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United States District Court, Southern District of New York

April 22, 2003


The opinion of the court was delivered by: Colleen McMAHON, District Judge.


Plaintiffs, thirty members of New York's Chassidic communities, bring this action against defendant La Suisse, a Swiss insurance company, under 42 U.S.C. § 1981 ("Section 1981") as well as several contract-related state law claims. This decision is the fifth in a series of decisions dating back to September of 1999. See Weiss v. La Suisse, 161 F. Supp.2d 305 (S.D.N.Y.2001) ("Weiss IV"); Weiss v. La Suisse, 154 F. Supp.2d 734 (S.D.N.Y.2001); Weiss v. La Suisse, 131 F. Supp.2d 446 (S.D.N.Y.2001) ("Weiss II"); Weiss v. La Suisse, 69 F. Supp.2d 449 (S.D.N.Y. 1999) ("Weiss I"). I now address defendant's motion for summary judgment on plaintiffs' Section 1981 claim.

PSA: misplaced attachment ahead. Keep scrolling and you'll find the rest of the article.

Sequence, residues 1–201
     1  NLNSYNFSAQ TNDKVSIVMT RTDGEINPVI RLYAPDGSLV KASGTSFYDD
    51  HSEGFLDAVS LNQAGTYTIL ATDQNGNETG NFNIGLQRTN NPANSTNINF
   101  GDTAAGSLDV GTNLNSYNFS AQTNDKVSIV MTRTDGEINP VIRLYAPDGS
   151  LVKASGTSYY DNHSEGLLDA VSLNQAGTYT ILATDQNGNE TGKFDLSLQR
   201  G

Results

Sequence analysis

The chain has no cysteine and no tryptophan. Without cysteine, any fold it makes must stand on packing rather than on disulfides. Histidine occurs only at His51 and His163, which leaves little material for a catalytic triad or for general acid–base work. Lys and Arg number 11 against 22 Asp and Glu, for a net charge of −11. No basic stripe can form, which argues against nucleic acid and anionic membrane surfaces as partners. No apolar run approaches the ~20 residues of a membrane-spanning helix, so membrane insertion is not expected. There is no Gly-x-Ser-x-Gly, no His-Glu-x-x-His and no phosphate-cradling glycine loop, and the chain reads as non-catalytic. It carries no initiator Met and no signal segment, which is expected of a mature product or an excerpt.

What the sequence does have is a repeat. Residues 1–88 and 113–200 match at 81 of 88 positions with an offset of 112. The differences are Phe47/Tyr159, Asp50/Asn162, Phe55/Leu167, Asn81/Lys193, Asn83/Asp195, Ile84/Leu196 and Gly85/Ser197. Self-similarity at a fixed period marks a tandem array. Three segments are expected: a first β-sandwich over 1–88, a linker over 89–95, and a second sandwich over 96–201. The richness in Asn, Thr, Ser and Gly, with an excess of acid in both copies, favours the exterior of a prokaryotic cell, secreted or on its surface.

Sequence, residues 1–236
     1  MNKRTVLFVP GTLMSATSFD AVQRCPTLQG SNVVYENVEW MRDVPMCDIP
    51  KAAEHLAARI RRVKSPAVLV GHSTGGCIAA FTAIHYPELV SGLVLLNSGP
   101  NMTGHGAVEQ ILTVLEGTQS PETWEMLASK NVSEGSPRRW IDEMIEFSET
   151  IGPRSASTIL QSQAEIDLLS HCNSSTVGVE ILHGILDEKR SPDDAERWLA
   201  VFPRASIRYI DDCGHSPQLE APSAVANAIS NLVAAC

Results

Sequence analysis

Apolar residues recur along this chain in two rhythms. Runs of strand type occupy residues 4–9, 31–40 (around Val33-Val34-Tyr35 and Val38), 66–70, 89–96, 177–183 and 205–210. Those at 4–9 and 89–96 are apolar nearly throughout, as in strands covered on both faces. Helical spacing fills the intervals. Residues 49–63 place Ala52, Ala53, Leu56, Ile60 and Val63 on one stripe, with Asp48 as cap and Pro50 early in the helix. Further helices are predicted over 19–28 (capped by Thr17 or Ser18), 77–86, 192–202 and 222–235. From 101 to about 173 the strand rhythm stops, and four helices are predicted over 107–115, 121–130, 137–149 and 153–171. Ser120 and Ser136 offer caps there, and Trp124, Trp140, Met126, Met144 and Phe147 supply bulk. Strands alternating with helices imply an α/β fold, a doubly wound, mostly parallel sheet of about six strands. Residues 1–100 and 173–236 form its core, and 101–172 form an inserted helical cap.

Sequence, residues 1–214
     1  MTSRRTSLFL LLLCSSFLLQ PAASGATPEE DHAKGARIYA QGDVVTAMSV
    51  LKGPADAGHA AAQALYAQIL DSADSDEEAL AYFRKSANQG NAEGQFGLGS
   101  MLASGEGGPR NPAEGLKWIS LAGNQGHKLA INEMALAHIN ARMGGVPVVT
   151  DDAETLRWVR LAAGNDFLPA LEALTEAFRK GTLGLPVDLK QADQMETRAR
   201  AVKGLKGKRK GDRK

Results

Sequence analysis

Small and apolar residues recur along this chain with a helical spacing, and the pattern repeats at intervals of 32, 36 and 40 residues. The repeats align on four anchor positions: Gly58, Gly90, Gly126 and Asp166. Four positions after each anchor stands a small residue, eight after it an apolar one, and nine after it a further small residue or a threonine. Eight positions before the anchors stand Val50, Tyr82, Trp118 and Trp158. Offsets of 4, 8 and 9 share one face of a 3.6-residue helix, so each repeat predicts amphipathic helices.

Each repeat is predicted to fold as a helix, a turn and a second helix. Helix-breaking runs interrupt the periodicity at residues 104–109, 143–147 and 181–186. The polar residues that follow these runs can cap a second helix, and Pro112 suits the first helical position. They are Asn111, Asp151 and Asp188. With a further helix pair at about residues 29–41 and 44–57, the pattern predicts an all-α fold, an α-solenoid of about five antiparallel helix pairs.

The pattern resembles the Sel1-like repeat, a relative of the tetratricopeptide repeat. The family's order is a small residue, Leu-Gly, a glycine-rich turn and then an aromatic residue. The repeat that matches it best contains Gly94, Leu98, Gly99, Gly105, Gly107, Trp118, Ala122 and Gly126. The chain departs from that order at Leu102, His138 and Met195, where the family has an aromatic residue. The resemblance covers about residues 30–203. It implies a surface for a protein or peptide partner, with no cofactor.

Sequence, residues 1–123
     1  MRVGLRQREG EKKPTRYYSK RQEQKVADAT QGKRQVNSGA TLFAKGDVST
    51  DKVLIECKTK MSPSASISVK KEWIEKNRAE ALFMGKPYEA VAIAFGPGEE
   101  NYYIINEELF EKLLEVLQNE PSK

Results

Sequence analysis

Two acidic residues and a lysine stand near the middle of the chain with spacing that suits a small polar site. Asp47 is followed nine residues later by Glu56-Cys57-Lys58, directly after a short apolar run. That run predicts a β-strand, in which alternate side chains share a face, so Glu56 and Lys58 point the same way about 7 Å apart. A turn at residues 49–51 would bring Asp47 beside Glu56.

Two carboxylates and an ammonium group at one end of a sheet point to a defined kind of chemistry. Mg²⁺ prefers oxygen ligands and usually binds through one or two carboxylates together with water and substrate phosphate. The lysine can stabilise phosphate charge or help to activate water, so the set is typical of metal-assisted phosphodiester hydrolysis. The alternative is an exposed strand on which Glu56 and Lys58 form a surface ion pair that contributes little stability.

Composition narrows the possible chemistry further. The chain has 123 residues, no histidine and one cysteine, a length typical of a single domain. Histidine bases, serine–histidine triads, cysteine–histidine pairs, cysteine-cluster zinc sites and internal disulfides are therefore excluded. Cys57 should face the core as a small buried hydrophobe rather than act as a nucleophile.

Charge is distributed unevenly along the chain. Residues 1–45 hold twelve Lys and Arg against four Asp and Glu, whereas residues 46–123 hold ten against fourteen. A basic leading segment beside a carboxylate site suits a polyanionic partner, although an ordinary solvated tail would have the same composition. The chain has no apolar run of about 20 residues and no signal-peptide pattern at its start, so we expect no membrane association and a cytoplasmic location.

I. Facts

I have described the facts of this case in my earlier decisions. I here set forth the facts for the purpose of disposing of this motion for summary judgment. The following facts are either undisputed or interpreted most favorably to plaintiffs.

In the early 1980's, defendant La Suisse sold a life insurance policy in Europe that paid benefits upon the insured's marriage. [Joint Pre-trial Order ("JPTO"), Stipulated Facts ¶ 3].*fn1 The policy was known as "Profile 256." Id. The "Profile 256" was a "marriage endowment policy" — it insured children and paid a benefit when, among other things, the child married. Id. at ¶ 4.